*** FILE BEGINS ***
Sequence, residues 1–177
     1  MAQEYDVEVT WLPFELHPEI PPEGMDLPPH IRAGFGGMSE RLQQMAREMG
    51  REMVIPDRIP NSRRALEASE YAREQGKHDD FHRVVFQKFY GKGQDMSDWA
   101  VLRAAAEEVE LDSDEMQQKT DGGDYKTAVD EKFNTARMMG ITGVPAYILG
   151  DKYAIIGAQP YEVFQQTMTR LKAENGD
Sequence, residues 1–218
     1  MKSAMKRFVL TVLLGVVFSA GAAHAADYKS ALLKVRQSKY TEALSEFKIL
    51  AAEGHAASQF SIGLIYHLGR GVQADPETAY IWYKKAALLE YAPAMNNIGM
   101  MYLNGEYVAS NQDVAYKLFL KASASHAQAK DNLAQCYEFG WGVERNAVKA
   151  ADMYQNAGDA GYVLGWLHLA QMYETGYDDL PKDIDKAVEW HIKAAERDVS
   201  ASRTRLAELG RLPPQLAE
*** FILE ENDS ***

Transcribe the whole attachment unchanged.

Sequence, residues 1–177
     1  MAQEYDVEVT WLPFELHPEI PPEGMDLPPH IRAGFGGMSE RLQQMAREMG
    51  REMVIPDRIP NSRRALEASE YAREQGKHDD FHRVVFQKFY GKGQDMSDWA
   101  VLRAAAEEVE LDSDEMQQKT DGGDYKTAVD EKFNTARMMG ITGVPAYILG
   151  DKYAIIGAQP YEVFQQTMTR LKAENGD
Sequence, residues 1–218
     1  MKSAMKRFVL TVLLGVVFSA GAAHAADYKS ALLKVRQSKY TEALSEFKIL
    51  AAEGHAASQF SIGLIYHLGR GVQADPETAY IWYKKAALLE YAPAMNNIGM
   101  MYLNGEYVAS NQDVAYKLFL KASASHAQAK DNLAQCYEFG WGVERNAVKA
   151  ADMYQNAGDA GYVLGWLHLA QMYETGYDDL PKDIDKAVEW HIKAAERDVS
   201  ASRTRLAELG RLPPQLAE